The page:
By Łukasz Orbitowski
They’re coming for me. Metal logs with empty bellies. Rows of lights just like the eyes of wild beasts.
I shouldn’t have tampered with that. And yet I have not done anything wrong, have I? I was a peeping Tom, a pornographer of the city. And now they do know about me.
This is how it all started: no job, no girlfriend, neither parents nor buddies, only a row of monitors, three computers, radios, listening watch. I had everything, down in my basement. I tapped the city security and police surveillance cameras. I became the eye and the conscience of the city.
Sometimes I had spent thirty or forty hours and eventually dozed off at my desk. The first thing I saw after waking up was two jars. One with coffee and the other one full of cigarette butts.
I knew everything about you, bastards.
Who slept with whom. Who was unfaithful, who loyal, who jerked off and where, where the youth drank and sold drugs, where people did their laundry, where foreigners had fun. I knew about murders and car collisions. And I kept it to myself.
I could’ve put people behind bars, blackmailed them, turned beggars into millionaires and vice versa, but I did not. And then I started to see them. Trams.
I had a satellite view of the whole city. I could see the network of roads, housetops and human plankton. Trams ran on rails which, from my point of view, looked as thin as a hair. There were about a hundred of them. They would roll on, then stop and tens of dots would get on or off.
And one day the trams just stopped. Each and every single one of them. For about 10 seconds. I thought there was a power cut, but they soon moved on.
Since then they began to stop regularly, all of them at the same time, and in the most bizarre places. In the middle of empty streets, bridges or fields. It was frighteningly amazing. They would freeze synchronically and I could swear I saw them shiver.
It was beyond me to grasp why they all stopped at exactly the same time. A rupture, a short circuit maybe? Tram drivers making fun, perhaps? I checked it and the power was fine. And then people started to vanish.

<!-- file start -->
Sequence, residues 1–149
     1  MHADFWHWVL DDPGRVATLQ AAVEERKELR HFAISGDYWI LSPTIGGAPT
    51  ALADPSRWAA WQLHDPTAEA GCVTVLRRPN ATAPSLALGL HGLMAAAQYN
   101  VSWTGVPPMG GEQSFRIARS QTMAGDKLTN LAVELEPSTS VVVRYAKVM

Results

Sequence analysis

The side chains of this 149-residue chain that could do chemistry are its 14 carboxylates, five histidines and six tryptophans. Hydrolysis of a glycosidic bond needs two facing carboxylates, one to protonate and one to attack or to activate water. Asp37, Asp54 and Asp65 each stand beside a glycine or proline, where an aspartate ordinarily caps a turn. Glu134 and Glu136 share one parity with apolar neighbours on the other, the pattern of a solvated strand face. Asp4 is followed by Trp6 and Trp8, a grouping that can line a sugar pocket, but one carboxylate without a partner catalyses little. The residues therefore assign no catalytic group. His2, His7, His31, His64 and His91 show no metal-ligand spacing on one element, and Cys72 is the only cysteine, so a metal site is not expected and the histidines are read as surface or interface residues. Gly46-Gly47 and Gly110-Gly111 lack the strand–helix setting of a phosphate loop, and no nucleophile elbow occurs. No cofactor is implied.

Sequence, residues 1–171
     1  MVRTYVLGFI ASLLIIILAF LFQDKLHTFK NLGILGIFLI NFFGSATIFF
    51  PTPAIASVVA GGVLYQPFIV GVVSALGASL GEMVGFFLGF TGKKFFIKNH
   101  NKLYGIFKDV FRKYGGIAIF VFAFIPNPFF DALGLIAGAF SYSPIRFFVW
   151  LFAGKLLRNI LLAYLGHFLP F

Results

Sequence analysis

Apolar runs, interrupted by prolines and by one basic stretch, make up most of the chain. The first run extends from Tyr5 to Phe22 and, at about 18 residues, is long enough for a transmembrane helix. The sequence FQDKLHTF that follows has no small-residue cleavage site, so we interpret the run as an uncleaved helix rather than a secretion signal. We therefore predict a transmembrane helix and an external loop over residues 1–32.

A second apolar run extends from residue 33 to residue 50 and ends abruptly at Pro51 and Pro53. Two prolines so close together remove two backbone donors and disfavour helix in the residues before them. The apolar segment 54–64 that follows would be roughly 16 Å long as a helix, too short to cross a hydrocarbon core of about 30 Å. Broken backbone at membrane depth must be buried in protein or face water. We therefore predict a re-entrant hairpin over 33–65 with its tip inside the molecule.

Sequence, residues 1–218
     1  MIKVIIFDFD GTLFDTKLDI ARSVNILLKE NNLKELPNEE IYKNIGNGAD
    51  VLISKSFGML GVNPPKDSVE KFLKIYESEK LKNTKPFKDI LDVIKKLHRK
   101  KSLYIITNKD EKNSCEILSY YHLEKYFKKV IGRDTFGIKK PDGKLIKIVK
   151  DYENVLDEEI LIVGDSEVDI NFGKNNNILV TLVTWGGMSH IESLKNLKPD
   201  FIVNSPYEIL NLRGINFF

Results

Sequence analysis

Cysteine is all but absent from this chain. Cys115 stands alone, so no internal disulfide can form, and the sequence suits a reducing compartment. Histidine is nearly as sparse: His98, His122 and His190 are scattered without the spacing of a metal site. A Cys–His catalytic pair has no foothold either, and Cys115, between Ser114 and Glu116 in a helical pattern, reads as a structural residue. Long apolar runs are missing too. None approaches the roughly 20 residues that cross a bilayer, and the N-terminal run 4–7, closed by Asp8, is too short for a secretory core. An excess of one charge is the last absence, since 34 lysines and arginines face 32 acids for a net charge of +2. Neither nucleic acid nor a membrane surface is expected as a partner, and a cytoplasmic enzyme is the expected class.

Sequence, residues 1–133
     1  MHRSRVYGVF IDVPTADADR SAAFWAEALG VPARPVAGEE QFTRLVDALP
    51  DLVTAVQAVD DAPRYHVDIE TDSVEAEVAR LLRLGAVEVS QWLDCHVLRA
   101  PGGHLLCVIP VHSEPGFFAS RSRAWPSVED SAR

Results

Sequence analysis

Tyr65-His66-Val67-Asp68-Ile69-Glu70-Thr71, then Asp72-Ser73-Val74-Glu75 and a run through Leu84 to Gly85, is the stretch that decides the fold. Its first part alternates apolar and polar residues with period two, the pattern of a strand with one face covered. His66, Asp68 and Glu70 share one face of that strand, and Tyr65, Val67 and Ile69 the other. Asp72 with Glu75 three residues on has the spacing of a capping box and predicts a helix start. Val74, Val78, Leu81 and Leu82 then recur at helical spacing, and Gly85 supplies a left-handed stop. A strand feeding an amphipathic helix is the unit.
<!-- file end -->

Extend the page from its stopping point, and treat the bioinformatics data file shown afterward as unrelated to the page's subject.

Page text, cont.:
A tram seen from a satellite is the size of a long Matchbox toy car, while a man is just a dot. I was on duty in the evening, tracking down the last number 8 tram that night. It was empty and highballing, speeding between blocks of flats and barely coming to a halt at tram stops. Finally, a guy got on. The tram arrived at the depot, but the guy never got off. I was staring for a while completely stupefied, thinking that I might have missed something. Maybe I dropped off for a second and that was enough for him to leave?
My inventory included calculators and a huge notepad then. I began to count how many would get on and off. I recorded everything to double-check it later. Fours, eights, threes and twenty twos. I got almost no sleep. I tried to convince myself it was my weariness that made me so confused, and that, what I saw, was not true.
But when I did fall asleep, I dreamt about trams.
Every day people died silently.
Twenty four would get on and one fewer would get off.
There were weeks when ten of them would disappear and sometimes no one vanished.
I had been looking closely for three months. I made a map of disappearances, and the diagrams which showed the number was increasing. I ran wherever I could to warn everybody. Television, the police, newspapers.
I am lucky they did not put me into a straight jacket. I could have succeeded in convincing someone if I could have told them how I came to know all that.
I went back to my place, sat in front of those frightening monitors and stared at the dots that were just about to step on trams and never get off again. Mothers and children. Drunkards. Hurrying commuters. Or just anyone from the crowd. There would be a few dozens of them packed inside like sardines and one or two would be missing at their destination point. Silence was the worst. The only sound was the computer humming and yet my head wanted to explode with the screams of the dying.
And then they got me.
I was coming back from an all-night shop. It was four o’clock and I had to go cross the roundabout. They suddenly popped out of nowhere, from all directions. How they got there I had no idea. They should have been in their bunker depots.
I tried to run away, but they cornered me. They were so unreal, metal, dead and yet alive beyond imagination. Their headlights followed me everywhere and their massive bodies blocked my every move. And then all the doors opened at the same time.
I took a deep breath and got on.
Now I am going through the dark city and listening to the overwhelming whirr of the machinery. There is no driver and I am dashing alone down the line. I can see electric veins running in the roof and feel a metal heart throbbing somewhere underneath.
Very slowly my arm merges with the seat which my back has already grown into. My mouth tastes of steel and my thoughts are gradually fading away, becoming a clickety-clack. My eyes are twinkling and I can still turn my head only to see my reflection in the window. I am shrinking from the inside. The last thought I have is about what will be left of me once the machine’s finally devoured me.
No sorrow. Nothing.
Just a quick thought that someday someone may take a look at the night tram’s window pane and see a fuzzy, blurred shape that once used to be my face.